The Disappearance of Alice Creed Movie Review - www.impulsegamer.com -

The Disappearance of Alice Creed
Reviewed by George Constantin on September 1, 2010

Icon presents a film written and directed by J Blakeson
Starring: Gemma Arterton, Martin Compston, Eddie Marsan.
Running Time: 98 mins
Rating: MA15+

Released: September 9, 2010 


8/10

 


The Disappearance of Alice Creed is British writer/director J Blakeson's first feature film. Shot on location in the Isle of Man, with only three characters, its a psychological thriller guaranteed to keep you guessing till the end. 

The story starts with two men, twenty-something Danny (Martin Compston) and the older Vic (Eddie Marsan), stealing a van. At a supermarket, they buy a power drill, a mattress, large plastic sheets, and a variety of other items. In a small flat, they methodically go about assembling a bed, and sound proofing the walls and windows.  

At the appointed time and place, they pull up on a street corner, put on balaclavas, and suddenly grab a young woman, Alice (Gemma Arterton), shoving her into the back of the van. They drive to the flat, where she's stripped, and carefully hand-cuffed to the bed. The men's plan is simple: demand a ransom of 2 Million from the girl's wealthy father in return for her release.

What sounds like a simple plot becomes more complicated by the minute, with twists and turns at every corner. Just when you think you figured the next move, think again.

With only three protagonists in the film, choosing the right actors would obviously have been a make or break decision for Blakeson, especially for a low-budget film, with an extremely tight shooting schedule.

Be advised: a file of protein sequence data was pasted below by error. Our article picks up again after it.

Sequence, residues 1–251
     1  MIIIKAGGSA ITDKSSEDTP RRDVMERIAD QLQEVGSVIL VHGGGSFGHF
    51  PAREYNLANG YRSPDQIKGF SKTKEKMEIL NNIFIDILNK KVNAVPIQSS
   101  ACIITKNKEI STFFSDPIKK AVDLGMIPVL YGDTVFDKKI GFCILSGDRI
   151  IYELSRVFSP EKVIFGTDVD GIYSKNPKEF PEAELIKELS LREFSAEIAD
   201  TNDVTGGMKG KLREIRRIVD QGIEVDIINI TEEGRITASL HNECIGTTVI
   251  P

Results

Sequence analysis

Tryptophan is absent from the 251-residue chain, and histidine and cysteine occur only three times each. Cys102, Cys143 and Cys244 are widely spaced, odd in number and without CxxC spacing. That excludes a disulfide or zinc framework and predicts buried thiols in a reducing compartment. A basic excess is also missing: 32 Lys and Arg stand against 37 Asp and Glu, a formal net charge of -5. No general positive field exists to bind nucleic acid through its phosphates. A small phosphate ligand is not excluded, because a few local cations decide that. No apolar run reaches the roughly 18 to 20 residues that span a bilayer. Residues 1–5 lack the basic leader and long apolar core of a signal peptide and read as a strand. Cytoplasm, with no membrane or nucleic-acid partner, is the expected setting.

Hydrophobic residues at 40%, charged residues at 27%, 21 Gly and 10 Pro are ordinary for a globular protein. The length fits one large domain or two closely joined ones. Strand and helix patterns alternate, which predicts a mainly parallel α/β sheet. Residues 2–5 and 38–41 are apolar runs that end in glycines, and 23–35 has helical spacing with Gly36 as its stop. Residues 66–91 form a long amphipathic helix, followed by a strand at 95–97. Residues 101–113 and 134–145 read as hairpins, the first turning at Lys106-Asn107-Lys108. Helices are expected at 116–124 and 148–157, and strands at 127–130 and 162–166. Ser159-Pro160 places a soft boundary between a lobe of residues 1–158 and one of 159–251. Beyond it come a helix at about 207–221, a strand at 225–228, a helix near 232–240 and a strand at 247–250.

Needless to say Blakeson has succeeded brilliantly; the casting is absolutely perfect. The choice of Scottish-born Compston as the confused and somewhat disturbed Danny is inspired. 2010 has been a big year for Compston, with four completed films, and four others in pre-production. 

Fresh from his success as John Houseman in Me and Orson Welles, Marsan once again, provides a solid and entirely credible performance as the prone to violence and unpredictable Vic. This acclaimed British actor has gone from strength to strength since his appearance in Martin Scorsese's Gangs of New York (2002). However, it is the feisty Ms. Arterton in the title role who steals every scene.   

Alice Creed represents a challenging but welcome break for Arterton from her recent roles. After her appearance in Quantum of Solace in 2008, she seemed to be typecast in fantasy/adventure roles, with films such as St Trinian's II: The Legend of Fritton's Gold, Clash of the Titans, and, The Prince of Persia: The Sands of Time; all moderately successful.  

The Disappearance of Alice Creed is an emotionally charged experience. Above all, it's a highly entertaining film that should please fans of spare, claustrophobic thrillers.  

For independent filmmaker Blakeson, it's a commendable first effort into feature films, following his previous two short films, Pitch Perfect (2005), and The Appointment (2009).

With top notch performances by the cast, beautiful camera work by cinematographer Philipp Blaubach, and 98 minutes of pure suspense, The Disappearance of Alice Creed is a winner.






 
 



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